Sunday, December 19, 2004


Huh? (Motley Fool edition)

Today's featured article in Yahoo Finance is from the Motley Fool:

It's odd, but the stock market often tanks when there's good economic news reported. That might not make sense to you, but there's an explanation. It's all related to interest rates. Alan Greenspan and his buddies at the Federal Reserve set interest rates, trying to keep inflation at bay and promote a healthy economic environment. When positive economic news is released, such as lower unemployment figures, rising wages, or growing national productivity, the specter of possible inflation is raised. Economies growing too quickly can spur inflation, with too much currency in the marketplace leading to the weakening of the dollar and rising prices.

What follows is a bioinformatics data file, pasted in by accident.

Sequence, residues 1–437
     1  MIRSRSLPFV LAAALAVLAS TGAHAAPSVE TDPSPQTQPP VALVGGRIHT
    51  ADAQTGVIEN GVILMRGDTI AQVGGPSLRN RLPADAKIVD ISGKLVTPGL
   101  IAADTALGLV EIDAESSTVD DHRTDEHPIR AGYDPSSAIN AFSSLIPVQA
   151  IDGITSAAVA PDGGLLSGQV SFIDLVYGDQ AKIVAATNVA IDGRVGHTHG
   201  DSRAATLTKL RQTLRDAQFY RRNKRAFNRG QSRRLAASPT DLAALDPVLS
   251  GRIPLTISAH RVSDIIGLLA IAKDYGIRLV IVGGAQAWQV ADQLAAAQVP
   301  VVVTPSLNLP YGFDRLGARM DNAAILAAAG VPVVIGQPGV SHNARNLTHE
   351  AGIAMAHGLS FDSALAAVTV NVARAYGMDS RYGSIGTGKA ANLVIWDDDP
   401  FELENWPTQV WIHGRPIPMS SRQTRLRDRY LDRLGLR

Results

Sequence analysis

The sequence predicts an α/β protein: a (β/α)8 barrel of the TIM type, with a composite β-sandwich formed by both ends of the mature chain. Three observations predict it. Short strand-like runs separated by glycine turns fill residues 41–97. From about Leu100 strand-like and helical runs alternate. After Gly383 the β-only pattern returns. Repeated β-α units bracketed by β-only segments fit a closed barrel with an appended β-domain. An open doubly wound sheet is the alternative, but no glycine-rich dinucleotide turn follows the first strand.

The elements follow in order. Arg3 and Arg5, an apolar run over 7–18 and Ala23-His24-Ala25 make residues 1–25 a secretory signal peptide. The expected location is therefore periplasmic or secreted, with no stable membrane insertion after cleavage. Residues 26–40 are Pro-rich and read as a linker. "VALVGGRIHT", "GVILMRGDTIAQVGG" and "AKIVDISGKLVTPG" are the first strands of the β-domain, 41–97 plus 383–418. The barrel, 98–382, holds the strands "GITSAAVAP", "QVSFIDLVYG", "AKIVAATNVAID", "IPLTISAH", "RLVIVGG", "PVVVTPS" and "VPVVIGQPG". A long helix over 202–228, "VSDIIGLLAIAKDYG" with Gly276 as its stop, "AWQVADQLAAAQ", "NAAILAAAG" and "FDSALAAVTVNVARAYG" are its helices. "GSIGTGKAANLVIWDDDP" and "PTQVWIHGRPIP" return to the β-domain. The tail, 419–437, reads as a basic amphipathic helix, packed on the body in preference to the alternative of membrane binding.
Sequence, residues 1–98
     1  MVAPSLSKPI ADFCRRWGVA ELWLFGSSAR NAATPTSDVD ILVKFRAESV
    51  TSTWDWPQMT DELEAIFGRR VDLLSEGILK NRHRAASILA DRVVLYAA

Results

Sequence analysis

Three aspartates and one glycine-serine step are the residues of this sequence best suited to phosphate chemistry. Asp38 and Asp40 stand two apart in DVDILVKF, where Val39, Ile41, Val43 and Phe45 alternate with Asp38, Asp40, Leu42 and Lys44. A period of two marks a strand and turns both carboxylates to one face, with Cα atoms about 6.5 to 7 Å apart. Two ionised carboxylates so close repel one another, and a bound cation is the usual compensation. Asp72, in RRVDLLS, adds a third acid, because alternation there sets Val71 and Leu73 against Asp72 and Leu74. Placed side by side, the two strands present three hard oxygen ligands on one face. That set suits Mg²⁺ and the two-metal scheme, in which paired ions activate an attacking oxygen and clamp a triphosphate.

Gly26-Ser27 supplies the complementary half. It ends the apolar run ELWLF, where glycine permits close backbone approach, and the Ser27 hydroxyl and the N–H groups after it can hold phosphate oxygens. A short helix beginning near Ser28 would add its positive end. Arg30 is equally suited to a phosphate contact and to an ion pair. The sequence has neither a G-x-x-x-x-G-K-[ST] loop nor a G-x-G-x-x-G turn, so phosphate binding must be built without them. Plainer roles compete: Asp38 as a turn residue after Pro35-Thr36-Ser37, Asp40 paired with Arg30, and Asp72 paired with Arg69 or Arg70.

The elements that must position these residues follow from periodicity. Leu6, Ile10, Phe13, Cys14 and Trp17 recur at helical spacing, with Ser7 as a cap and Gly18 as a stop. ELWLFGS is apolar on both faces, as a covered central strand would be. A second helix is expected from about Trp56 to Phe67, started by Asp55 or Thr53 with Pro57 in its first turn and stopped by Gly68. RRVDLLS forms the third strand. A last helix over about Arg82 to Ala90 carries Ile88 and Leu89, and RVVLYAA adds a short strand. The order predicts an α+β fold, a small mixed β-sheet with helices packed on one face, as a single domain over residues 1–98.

What's odd is that anyone actually pays money to read this stuff. First of all, growing national productivity is always deflationary (if firms can produce goods more cheaply, prices will fall, not rise). Second, what's good for America is not necessarily good for the stock market, or vice versa. Higher wages are good for workers. But higher wages also mean higher costs for firms and hence, lower earnings. Whether that's "good news" or "bad news" depends very much on which side your bread is buttered. Third, as this NBER study shows, good employment news tends to be bad for stocks only when the economy is close to full capacity and the labor market is tight. That's when there is a real threat of inflation. The labor market is not tight now: payroll employment is down more than a million from where it was 4 years ago and the average time it takes someone to find a new job is the longest in over 20 years. Perhaps that's why when the October jobs data came in lower than expected, stocks sold off.

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